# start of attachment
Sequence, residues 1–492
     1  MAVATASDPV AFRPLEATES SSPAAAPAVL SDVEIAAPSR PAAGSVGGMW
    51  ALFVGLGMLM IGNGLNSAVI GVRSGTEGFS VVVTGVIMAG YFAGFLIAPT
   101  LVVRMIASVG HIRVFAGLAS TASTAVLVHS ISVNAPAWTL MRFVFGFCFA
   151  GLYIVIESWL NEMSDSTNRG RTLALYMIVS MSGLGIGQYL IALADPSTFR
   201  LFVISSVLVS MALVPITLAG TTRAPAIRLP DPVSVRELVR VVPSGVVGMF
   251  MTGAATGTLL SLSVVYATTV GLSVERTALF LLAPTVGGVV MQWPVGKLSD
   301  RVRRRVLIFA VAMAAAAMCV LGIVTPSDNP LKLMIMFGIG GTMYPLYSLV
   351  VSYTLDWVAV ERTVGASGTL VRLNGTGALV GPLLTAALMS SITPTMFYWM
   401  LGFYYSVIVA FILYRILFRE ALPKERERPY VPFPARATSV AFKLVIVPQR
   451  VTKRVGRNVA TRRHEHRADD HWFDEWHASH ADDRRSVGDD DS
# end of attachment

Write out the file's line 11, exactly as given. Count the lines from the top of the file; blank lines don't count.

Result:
   451  VTKRVGRNVA TRRHEHRADD HWFDEWHASH ADDRRSVGDD DS